Everyday “Enlightenment”?

I read the following from author Dan Millman’s book Everyday Enlightenment. Millman is also the author of the best-selling Way of the the Peaceful Warrior.

Not a single one of us, whether or not we are directly involved in a religious tradition, has escaped the influence of religious traditions on our attitudes. Some of our shame or guilt over sexuality – our contradictory feelings about sexuality and spirituality – stems from religious traditions whose tenants and teachings emphasize spirit over flesh, penance over pleasure, an idealism over realism.

Religious dogma is not wrong; it is just not realistic. Nor is it supposed to be. The purpose of religion is to awaken our highest ideals and possibilities, make demands, stretch our souls, draw forth the highest and best within us. Religion calls us to our human maturity.

Ultimately you may be best, from a religious or spiritual perspective, to practice abstinence and direct our sexual energies into other creative pursuits until married. But this is not what most imperfect humans actually do. Even many priests and nuns, but dedicated their lives to their calling, have problems living up to the ideals of the church.

Give me chastity and self-restraint,

but did not give it yet. – St. Augustine

Whatever faith we practice we need to realize that sexuality has no inherent morality or immorality. Such ideas are a human invention. No absolute, sexual guidelines exist. Every culture and era has its own beliefs and ideas of sexual right and wrong. As Bertrand Russell insightfully observed, “sin is geographical.” According to one anthropological study I read years ago, the Trobriand Islands natives engage in sexual play and intercourse in public without any sense of self-consciousness. Yet they consider it inappropriate and shameful to be seen eating in public.

I find interesting several points in the excerpt above. I’ll outline them as bullet points to work through

  1. Postively, The author attempts to be neutral on the issue of religion. Yet, he clearly and explicitly endorses sexual relativism.
  2. Negativism, and related to point 1, Millman portrays himself as religiously neutral, while in fact asserting that the Christian understanding of sexuality and sexual mores is wrong.
  3. He fails to distinguish Christianity from institutionalized Roman Catholicism.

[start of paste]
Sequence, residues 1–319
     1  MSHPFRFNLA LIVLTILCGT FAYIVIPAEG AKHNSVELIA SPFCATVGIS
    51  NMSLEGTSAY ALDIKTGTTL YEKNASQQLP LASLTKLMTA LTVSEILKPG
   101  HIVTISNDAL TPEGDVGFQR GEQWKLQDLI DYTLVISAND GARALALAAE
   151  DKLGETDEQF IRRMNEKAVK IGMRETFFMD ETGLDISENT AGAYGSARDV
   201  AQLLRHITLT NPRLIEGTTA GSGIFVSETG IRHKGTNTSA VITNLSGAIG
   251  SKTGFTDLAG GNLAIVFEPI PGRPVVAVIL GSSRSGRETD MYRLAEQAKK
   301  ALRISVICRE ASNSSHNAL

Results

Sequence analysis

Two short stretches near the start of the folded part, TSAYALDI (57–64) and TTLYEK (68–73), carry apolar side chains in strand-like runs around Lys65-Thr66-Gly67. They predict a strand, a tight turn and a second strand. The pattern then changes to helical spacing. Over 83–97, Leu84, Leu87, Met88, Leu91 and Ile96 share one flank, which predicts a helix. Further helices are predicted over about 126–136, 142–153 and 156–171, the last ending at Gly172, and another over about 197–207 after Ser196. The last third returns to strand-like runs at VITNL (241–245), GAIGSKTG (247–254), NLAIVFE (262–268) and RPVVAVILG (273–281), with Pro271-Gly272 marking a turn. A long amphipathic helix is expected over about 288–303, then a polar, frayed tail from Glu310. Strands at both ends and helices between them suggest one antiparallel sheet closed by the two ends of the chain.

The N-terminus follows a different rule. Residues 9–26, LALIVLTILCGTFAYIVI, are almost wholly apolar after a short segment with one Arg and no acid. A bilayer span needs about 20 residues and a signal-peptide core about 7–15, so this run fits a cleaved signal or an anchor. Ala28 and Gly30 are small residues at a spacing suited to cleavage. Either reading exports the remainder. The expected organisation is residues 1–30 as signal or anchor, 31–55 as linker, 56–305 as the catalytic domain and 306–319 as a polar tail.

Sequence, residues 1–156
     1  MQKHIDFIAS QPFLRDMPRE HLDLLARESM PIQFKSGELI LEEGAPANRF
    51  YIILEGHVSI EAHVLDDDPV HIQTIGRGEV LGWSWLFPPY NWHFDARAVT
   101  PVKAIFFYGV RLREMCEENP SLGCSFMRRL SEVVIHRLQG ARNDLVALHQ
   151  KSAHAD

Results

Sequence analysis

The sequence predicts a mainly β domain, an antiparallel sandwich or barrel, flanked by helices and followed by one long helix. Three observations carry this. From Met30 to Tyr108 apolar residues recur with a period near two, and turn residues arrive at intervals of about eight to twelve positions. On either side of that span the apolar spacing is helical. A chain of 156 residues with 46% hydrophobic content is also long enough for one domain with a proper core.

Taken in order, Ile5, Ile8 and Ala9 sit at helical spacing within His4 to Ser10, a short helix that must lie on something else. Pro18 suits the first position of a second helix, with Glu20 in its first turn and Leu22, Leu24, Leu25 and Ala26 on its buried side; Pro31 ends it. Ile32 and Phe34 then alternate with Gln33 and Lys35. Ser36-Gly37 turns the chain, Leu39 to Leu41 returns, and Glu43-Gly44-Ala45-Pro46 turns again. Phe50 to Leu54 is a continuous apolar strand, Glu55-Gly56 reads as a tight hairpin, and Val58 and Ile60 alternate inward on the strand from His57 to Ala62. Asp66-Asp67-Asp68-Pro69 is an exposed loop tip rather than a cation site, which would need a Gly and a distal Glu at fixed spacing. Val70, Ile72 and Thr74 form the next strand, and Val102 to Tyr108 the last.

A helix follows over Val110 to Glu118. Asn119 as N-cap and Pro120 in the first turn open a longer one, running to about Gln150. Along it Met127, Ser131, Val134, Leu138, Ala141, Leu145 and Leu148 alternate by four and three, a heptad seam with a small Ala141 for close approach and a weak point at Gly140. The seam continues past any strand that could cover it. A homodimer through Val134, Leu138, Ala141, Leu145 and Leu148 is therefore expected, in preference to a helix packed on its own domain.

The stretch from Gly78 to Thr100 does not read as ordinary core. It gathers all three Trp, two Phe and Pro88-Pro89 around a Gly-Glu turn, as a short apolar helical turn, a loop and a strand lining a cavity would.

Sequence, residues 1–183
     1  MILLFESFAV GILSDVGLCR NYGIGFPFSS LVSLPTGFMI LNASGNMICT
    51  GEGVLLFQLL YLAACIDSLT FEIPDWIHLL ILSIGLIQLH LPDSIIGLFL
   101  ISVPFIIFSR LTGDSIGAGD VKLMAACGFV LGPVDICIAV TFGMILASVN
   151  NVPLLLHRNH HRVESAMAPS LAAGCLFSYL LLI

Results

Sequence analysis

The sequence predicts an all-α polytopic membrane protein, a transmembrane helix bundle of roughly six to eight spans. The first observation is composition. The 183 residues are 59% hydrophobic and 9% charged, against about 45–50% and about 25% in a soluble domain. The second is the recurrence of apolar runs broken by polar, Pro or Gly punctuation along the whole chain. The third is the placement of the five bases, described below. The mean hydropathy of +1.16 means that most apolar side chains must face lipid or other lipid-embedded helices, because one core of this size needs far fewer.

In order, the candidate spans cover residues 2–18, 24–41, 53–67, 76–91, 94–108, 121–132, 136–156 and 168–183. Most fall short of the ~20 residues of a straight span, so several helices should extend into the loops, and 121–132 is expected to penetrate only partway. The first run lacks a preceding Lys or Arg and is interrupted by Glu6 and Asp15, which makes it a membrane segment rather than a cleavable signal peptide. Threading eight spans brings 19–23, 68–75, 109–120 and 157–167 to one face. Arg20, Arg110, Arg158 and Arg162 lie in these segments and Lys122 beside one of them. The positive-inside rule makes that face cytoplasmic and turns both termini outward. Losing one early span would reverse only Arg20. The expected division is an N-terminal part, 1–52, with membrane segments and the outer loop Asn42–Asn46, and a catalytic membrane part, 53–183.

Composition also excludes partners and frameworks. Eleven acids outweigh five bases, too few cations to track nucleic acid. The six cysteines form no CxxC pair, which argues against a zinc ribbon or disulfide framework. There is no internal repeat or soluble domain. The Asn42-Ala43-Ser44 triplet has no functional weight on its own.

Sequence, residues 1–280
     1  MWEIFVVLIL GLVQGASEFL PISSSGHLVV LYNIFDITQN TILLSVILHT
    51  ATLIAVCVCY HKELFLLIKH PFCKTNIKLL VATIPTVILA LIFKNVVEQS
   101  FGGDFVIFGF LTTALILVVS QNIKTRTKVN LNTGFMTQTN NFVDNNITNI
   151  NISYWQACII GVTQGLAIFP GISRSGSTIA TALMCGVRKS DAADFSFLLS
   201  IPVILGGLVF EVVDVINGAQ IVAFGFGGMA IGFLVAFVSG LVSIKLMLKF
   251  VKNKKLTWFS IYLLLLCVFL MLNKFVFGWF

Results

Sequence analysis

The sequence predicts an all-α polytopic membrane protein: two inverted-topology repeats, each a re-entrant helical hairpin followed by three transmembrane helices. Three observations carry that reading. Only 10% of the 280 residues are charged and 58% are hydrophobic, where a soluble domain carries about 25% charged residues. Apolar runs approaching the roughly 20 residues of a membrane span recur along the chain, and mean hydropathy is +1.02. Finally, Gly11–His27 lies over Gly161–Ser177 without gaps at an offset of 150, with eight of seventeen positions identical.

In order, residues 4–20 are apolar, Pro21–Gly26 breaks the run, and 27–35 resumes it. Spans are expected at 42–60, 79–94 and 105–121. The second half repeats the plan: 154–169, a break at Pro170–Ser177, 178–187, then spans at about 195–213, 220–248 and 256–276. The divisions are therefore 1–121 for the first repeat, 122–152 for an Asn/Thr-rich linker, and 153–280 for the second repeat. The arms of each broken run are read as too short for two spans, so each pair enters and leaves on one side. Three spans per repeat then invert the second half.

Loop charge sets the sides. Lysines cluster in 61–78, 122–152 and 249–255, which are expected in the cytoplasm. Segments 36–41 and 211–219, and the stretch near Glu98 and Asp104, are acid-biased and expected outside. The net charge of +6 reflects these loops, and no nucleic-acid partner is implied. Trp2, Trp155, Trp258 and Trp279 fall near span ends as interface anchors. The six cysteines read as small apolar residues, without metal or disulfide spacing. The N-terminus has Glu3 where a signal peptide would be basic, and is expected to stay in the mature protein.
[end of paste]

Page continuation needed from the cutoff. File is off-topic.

4. His quotation of Augustine is self-serving and contrary to Augustine’s original intent.
  5. Millman commits the naturalistic, or “is-ought” fallacy in his reasoning.

Sexual relativism. In an earlier blog post, I noted that the Bible is anything but prudish on the issue of sexuality. Yet, it is clear that the Bible does lay out guidelines for sexual conduct. And these guidelines are not mere opinion, but directives from the Creator God. Those desiring to be faithful to the Bible have always claimed that God’s word speaks to the deepest aspects of our humanity, even our sexuality. Sexuality is an ethical issue, and if the biblical God exists there is no room for ethical relativism of any sort (1 Cor. 10:31).

Relativism relativized. Almost no relativist comes out and directly says another position is wrong, but whenever they do (in whatever language they use to imply a contrary position isn’t “realistic,” practical, etc.) they secretly smuggle ethical absolutes back into the discussion. This is self-refuting.

Priests and Nuns. Ever notice the frequency with which people who challenge Christianity tend to blur the distinctions between Evangelical Protestantism and the institutionalized Roman Catholic Church? One would think that the Reformation never happened. This reminds me of the frequently-asked question I received back when I first told people I was going to attend seminary, “Oh, are you going to be a priest?” But this is nick-picking…

Augustine. Millman quotes Augustine’s (in)famous prayer, “Give me chastity, but not yet.” When Augustine recounts this prayer in his book The Confessions, Augustine is explaining his struggle with an over-active and unhealthy sexual appetite. The point was that Augustine was “confessing” a moral struggle he wrestled with, a struggle to flee from sexual deviation and maintain sexual purity before God. Yet, the way Millman quotes Augustine you would think that Augustine remained in this position, continually praying that God would deter granting him chastity for “another day.”

Is/Ought. My most pointed criticism in this regard is related to something that I posted previously in my “Pointers” series. Non-Christians normally do not distinguish creation as it was intended to function and creation as it now functions and given the entrance of sin into the world. That is to say, they don’t distinguish between creation and fall.

Do both Christians and non-Christians find it difficult to live up to the Bible’s standards of sexual conduct? Yes. Is it just because there are no objective, God-given standards for the expression of one’s sexuality? No. It is an expression of our sin-sick addiction to living our lives as if we were God. We all suffer from this autonomous death-instinct, an instinct which, since the fall of Adam, drives us to rebel against God’s right rule over us even to our own detriment.

Just because people fail to obey God doesn’t mean there’s anything “normal” or healthy about it.

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Posted on January 23, 2011, in Sexuality. Bookmark the permalink. Leave a comment.

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